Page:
Tip:  Always water by hand. Automatic watering systems lead to dead or dying plants. I once had a 10,000 square foot Cattleya house that had automatic watering. It was great when it worked. By the time I opened the house in the morning 3 days a week, the watering and fertilizing was done. Problems arose though when particular watering heads would become clogged. The problem was that you could not really tell until a group of plants started looking sickly. Sometimes this would be after literally months of little or no water. Even with a filter on the system, over time there is a buildup of minerals in the pipes, which occasionally would flake off and create clogs. The other thing about hand-watering is that this is the time when you get to look at ever plant. When I water is when I find other problems. Enough said.

Probably more plants are killed by under or over watering than from anything else. Some of the following hints might help you to avoid the common pitfalls.

Water quality is very important. High concentrations of minerals, high water hardness, or water with a relatively high pH can affect the uptake of nutrients, lead to mineral buildup in media, and can have other deleterious effects. Have your water tested. If at all possible, use rain water (test this for pH also, especially if you live in an urban area). If your water quality is marginal you might have to occasionally flush your plants with a slightly acidic mixture (you can find instructions on this practice elsewhere). An inexpensive RO filter is a good investment and will help to protect your valuable plants. Never use water from a water softener.

Be sure that the water is not too cold; this is especially important in the winter. Here in North Carolina I have to heat the water in the winter; the temperature of the water from the well is in the 40's and would kill the plants if applied directly to the leaves. Previously I would run a hose from the kitchen sink out to the greenhouse, adjust the water temperature until it was lukewarm, and then water my plants. My wife hated it but my plants loved it.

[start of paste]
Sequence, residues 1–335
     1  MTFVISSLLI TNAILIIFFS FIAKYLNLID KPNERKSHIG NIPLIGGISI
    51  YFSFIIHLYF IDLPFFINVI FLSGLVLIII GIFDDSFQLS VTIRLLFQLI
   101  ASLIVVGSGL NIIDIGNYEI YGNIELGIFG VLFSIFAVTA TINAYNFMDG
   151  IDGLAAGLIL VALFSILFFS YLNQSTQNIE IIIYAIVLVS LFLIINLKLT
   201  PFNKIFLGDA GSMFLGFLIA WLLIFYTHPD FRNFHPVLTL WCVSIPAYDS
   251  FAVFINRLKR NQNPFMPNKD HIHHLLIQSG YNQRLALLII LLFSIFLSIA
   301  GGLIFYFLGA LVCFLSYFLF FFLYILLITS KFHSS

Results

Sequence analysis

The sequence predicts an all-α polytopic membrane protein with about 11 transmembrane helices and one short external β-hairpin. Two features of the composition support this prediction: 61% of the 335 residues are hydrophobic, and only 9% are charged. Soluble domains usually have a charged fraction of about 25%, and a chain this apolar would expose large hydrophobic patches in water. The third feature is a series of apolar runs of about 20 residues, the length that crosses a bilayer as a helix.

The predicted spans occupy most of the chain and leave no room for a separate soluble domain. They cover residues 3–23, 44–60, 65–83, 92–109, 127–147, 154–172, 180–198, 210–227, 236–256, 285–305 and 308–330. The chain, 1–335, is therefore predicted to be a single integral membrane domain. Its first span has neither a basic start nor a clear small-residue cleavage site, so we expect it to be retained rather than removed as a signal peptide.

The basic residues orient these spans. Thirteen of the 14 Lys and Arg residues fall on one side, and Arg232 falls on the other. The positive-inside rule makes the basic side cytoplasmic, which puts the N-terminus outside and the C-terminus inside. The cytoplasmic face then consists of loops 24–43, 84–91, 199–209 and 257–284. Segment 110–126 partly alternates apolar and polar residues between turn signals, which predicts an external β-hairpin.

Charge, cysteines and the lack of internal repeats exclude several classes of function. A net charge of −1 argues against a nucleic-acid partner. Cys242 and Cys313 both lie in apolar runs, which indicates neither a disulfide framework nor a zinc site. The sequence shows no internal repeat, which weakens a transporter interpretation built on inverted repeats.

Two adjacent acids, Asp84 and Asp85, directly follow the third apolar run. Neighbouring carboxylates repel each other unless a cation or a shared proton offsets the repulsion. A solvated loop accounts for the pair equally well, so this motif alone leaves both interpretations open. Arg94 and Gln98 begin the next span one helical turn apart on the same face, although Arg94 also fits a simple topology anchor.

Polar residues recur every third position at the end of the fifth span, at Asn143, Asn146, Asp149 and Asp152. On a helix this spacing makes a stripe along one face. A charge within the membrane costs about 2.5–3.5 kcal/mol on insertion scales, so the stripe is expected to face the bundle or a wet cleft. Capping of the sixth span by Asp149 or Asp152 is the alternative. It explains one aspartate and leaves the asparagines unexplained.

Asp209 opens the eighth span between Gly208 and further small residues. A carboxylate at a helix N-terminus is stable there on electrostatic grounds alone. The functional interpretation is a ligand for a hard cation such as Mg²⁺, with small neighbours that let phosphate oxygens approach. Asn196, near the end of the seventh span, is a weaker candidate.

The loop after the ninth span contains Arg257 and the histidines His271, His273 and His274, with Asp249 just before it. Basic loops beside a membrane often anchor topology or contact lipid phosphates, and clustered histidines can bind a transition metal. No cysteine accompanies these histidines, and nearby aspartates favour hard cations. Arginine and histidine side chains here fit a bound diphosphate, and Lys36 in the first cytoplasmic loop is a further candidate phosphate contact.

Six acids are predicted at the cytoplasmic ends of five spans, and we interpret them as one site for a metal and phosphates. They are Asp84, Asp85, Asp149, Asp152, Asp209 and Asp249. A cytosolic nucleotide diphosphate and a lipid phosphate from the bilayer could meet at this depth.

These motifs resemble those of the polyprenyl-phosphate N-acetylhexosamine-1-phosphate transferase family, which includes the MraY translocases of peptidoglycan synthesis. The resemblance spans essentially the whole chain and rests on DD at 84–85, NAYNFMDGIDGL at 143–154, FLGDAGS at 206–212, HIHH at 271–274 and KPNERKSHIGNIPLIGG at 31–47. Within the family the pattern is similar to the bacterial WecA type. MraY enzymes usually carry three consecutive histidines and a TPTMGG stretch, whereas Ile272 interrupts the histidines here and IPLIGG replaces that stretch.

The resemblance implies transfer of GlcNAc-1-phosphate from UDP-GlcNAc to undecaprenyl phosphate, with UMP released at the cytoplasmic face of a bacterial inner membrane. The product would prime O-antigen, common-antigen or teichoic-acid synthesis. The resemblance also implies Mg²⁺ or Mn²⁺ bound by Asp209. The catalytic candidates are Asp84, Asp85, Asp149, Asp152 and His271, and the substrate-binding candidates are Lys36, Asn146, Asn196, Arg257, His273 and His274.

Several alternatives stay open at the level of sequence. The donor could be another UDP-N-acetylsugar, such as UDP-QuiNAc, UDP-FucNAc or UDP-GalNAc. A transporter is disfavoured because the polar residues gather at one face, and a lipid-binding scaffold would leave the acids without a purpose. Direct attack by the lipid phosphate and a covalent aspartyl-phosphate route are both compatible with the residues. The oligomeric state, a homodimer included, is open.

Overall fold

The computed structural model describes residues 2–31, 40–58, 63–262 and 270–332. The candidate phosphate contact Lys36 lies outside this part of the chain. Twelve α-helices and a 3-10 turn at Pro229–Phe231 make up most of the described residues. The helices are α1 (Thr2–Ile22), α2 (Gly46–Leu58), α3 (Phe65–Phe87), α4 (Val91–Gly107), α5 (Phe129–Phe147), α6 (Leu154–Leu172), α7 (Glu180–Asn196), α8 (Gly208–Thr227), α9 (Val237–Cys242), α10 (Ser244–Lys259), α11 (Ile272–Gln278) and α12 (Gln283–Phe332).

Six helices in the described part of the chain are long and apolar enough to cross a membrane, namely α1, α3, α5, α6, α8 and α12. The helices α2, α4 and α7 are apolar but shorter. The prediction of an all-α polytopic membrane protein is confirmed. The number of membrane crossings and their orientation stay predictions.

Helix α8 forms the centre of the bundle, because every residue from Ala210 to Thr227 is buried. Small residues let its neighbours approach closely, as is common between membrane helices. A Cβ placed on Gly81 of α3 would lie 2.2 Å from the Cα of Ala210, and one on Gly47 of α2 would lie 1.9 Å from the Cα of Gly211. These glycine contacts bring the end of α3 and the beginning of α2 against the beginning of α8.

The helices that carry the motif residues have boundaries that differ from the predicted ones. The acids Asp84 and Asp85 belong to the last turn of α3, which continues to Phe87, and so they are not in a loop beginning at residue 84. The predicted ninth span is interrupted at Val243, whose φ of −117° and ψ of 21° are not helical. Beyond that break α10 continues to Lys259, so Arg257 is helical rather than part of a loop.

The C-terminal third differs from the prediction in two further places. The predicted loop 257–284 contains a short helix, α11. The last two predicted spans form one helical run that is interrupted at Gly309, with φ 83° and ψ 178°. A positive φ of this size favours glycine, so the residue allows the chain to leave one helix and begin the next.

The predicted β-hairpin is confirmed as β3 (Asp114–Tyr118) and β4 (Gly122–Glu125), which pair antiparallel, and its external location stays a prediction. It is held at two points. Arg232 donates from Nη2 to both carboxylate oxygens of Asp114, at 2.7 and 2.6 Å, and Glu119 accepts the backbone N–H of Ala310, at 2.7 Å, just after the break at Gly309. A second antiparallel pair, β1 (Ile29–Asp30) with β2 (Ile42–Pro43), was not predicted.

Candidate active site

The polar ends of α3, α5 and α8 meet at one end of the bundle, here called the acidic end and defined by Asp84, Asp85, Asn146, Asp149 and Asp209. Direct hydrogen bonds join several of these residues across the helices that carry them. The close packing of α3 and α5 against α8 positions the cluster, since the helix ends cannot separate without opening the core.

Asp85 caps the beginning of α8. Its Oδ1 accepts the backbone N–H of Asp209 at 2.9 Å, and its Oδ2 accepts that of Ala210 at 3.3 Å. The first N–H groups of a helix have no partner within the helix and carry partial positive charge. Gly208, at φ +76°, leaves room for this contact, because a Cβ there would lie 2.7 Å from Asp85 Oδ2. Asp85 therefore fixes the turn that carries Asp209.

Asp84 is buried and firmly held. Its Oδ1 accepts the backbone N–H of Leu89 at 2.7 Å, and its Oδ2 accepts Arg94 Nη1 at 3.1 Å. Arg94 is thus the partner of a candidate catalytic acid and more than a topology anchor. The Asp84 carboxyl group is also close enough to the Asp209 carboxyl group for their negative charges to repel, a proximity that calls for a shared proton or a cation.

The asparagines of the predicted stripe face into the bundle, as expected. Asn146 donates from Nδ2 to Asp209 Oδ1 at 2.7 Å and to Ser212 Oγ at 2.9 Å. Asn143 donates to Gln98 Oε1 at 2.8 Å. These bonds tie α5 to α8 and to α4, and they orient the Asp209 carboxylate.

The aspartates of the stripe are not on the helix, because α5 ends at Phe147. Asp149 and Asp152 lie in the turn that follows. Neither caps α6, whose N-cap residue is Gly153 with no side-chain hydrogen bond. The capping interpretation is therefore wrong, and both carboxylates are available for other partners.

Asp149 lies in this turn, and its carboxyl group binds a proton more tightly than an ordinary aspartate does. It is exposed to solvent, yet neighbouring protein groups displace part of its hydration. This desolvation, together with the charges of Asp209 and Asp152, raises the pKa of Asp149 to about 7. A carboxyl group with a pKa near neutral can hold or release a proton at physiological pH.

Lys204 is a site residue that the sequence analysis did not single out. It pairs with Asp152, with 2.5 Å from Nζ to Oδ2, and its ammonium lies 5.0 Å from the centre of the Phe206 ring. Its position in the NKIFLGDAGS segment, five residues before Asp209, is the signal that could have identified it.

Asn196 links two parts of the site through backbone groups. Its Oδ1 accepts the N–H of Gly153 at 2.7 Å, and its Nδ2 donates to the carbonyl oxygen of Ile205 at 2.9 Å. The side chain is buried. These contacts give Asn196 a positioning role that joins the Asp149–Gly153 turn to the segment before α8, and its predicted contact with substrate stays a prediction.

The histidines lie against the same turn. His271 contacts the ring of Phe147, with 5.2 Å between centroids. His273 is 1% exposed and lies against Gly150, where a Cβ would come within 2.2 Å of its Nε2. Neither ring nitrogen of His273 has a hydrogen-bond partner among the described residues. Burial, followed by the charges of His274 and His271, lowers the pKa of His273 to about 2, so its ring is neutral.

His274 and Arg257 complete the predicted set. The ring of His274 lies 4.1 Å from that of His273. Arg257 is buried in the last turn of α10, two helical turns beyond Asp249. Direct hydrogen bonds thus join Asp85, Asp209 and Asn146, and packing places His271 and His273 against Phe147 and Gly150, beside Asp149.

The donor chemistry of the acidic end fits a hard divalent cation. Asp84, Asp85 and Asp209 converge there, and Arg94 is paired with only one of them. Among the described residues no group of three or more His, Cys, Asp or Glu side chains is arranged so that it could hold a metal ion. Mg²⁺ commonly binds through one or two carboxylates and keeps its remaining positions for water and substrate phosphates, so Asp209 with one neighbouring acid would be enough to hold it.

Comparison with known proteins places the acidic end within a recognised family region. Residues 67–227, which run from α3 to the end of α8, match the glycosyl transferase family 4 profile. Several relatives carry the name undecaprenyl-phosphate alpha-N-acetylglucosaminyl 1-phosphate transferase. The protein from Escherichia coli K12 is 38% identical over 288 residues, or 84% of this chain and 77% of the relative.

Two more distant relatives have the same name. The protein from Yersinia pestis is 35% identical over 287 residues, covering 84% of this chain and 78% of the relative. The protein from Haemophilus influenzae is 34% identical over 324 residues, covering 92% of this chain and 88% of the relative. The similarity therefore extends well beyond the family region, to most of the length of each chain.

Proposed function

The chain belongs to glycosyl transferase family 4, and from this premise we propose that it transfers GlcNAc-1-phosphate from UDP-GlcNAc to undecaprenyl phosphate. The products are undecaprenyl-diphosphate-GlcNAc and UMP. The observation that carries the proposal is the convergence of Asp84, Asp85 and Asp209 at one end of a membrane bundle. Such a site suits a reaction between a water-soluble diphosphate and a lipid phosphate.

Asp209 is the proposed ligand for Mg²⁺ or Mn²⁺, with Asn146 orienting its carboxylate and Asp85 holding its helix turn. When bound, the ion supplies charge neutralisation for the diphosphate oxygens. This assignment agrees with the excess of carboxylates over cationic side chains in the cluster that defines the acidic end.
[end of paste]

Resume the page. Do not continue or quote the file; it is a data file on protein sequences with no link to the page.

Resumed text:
Water from multiple directions. Water the whole bench from one side and then again from the other side. Did you ever notice how you can stand under a tree in a rainstorm and for quite a while you won't get wet? Leaves are great at blocking the water from hitting the media and watering from a second direction will help to hit the places you missed on the first pass. Try this: Water your plants and when you are done, take some of them out of the pots. I guarantee you will find some some that are not wet all of the way through.

Use a watering wand to extend your reach. There are nice inexpensive ones (I bought a new one today that is 36" in length with 8 spray settings and a shutoff valve for $8, a good investment). These are a great tool for getting the water where you need it.

Water before you fertilize; wet roots will uptake the nutrients. With dry roots, much will run off and you will lose valuable fertilizer (called "money-water" by a friend of mine).

Water more often in the summer when it is hot and less often in the winter when the plants don't dry out as quickly. Adjust your watering scdedule to fit the weather.

Mature plants should be watered 2-3 times a week but allowed to dry between waterings (keep small seedlings a little wetter because they don't have big psuedobulbs to hold water reserves). Pot in a media that provides enough airflow through the mix that this drying will happen (see the potting media page).
Thin leaf types should not dry out, but don't allow them to stay soggy (this applies to most orchids)
Never dry but never soggy. Phals should be potted in a mix that will keep them from drying out too quickly.
Most Dendrobiums do no tlike to stay dry for long. Water and fertilize often during the growing season and less often during the winter.